Hunter Bidens criminal trial begins in aftermath of Trump conviction
Hunter Bidens criminal trial begins in aftermath of Trump conviction

Hunter Biden’s criminal trial begins in aftermath of Trump conviction

WILMINGTON, Delaware (Reuters) -The criminal trial of Hunter Biden kicked off on Monday in federal court in Delaware as President Joe Biden’s son faces gun charges in a historic case that begins four days after Donald Trump became the first former U.S. president to be convicted.

Hunter Biden, 54, arrived at the courthouse for the first trial of the child of a sitting president, in which he will face three felony charges stemming from his purchase and possession of a revolver in 2018. He has pleaded not guilty. It is one of two criminal cases he faces, with federal tax charges brought separately in California.

First Lady Jill Biden, Hunter Biden’s wife Melissa Cohen Biden and his half-sister Ashley Biden were in attendance at the trial in Wilmington, before U.S. District Judge Maryellen Noreika.

“Jill and I love our son and we are so proud of the man he is today,” Joe Biden said in a statement, adding that a lot of families have loved ones who have overcome addiction.

Trump was convicted by a jury in state court in New York on Thursday of 34 felony counts of falsifying documents to cover up hush money paid to a porn star to avoid a sex scandal shortly before the 2016 U.S. election that put him in the White House. Trump is the Republican candidate challenging Joe Biden, a Democrat, in the Nov. 5 U.S. election.

Hunter Biden’s trial gives Republicans a chance to shift attention away from Trump’s legal troubles. Trump is due to be sentenced on July 11. He has pleaded not guilty in three other pending criminal cases.

In the case brought by U.S. Special Counsel David Weiss, a Trump appointee, last September Hunter Biden was charged with lying about his use of illegal drugs when he bought a Colt Cobra .38-caliber revolver and with illegally possessing the weapon for 11 days in October 2018. Weiss, who has investigated Hunter Biden since at least 2019, also brought the tax charges.

If convicted on all charges in the Delaware case, Hunter Biden faces up to 25 years in prison, though defendants generally receive shorter sentences, according to the U.S. Justice Department.

Hunter Biden spent the weekend with his father in Rehoboth Beach, Delaware, with the pair biking and attending church together on Saturday. The president, who had been expected to depart Rehoboth Beach on Monday, traveled on Sunday evening to his home in Wilmington.

POTENTIAL JURORS

Noreika began screening potential jurors for their ability to commit to serving the length of the trial, which is expected to run through the end of next week.

“Do you think you can put aside your views on gun ownership,” she asked a potential juror, who responded that she could be impartial.

Other potential jurors were asked about addiction, convictions and run-ins with law enforcement.

All 12 jurors must agree he is guilty beyond a reasonable doubt to convict.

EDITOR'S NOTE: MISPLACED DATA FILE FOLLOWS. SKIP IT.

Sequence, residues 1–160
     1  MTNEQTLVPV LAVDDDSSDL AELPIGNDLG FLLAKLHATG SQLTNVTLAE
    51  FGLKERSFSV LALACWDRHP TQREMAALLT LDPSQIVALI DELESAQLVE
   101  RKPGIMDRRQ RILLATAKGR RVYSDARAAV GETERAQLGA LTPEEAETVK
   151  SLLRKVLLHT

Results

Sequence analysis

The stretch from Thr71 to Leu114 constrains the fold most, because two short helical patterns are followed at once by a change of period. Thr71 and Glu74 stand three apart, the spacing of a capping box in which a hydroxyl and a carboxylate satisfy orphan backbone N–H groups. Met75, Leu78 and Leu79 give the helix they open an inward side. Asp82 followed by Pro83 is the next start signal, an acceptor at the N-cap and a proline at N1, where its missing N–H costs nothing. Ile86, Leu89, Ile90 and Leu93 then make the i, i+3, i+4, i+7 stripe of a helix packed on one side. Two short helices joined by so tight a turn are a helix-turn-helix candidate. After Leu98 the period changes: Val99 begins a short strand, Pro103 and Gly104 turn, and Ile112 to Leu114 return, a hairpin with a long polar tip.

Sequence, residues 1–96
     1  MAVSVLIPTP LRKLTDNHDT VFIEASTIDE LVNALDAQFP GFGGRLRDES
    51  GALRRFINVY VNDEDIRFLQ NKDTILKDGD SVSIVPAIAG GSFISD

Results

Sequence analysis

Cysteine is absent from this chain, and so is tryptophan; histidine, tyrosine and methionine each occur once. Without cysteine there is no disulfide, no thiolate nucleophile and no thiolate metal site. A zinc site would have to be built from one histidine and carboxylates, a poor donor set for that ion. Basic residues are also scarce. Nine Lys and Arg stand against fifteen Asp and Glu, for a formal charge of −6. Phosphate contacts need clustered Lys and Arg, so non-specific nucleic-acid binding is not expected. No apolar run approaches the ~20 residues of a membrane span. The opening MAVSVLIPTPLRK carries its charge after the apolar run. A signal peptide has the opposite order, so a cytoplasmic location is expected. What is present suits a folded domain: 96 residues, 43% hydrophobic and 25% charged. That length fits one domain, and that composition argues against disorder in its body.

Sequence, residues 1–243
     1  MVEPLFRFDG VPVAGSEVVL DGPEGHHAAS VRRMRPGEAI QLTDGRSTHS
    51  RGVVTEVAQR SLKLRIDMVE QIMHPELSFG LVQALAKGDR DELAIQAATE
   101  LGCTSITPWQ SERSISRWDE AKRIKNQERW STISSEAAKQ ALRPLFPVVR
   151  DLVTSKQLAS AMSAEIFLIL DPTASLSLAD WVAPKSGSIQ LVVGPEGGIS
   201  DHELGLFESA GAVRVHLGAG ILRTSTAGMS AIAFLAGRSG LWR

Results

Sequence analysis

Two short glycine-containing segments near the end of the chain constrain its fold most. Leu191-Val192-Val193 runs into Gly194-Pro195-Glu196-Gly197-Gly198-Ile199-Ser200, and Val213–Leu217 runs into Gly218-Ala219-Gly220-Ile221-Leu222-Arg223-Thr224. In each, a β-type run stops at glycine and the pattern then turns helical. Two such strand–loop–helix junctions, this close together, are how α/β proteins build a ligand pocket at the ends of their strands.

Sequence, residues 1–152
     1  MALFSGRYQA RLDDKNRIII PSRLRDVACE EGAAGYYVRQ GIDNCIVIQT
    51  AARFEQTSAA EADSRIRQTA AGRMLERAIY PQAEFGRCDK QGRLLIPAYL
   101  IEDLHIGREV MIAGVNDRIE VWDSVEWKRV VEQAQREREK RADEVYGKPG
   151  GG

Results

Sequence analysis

The case is expected to center on Hunter Biden’s years-long crack cocaine use and addiction, which he has discussed publicly and which was a prominent part of his 2021 autobiography, “Beautiful Things.” He told Noreika at a hearing last year that he has been sober since the middle of 2019.

Prosecutors will seek to prove that Hunter Biden knew he was lying when he ticked the box for “no” next to a question on a federal gun purchase form asking if he was an unlawful user of a controlled substance.

Prosecution lawyers revealed in court filings that they may use details gleaned from Hunter Biden’s phone and iCloud account, including photos of him smoking crack and messages with drug dealers. They said they may call as a witness his former wife Kathleen Buhle, who accused Hunter Biden in their 2017 divorce proceedings of squandering money on drugs, alcohol and prostitutes.

Hunter Biden’s lawyers have indicated they may try to show he had completed a drug rehabilitation program before purchasing the gun and may have considered his answer on the gun purchase form to be truthful.

A plea agreement that would have resolved the gun and tax charges without prison time collapsed last year after Noreika questioned the extent of the immunity it extended to Biden. Hunter Biden’s lawyers blamed Republican pressure for the failure of the plea agreement.

Noreika entered multiple orders over the weekend that were requested by prosecutors and that appeared to undercut Biden’s legal strategy.

The judge said Biden’s legal team could not introduce expert testimony that people suffering from substance abuse disorder might not consider themselves an addict.

That testimony could have helped Biden show that he did not know he was lying on the background check form. The government is required to prove that Biden knowingly lied.

Congressional Republicans spent years in vain trying to find evidence of a corrupt link between Hunter Biden’s foreign business dealings, including work for Ukrainian energy company Burisma, and his father’s political power.

(Reporting by Tom Hals in Wilmington, Delaware; additional reporting by Stephanie Kelly in Rehoboth Beach, Delaware; editing by Amy Stevens, Will Dunham, Michael Perry, Chizu Nomiyama and Nick Zieminski)

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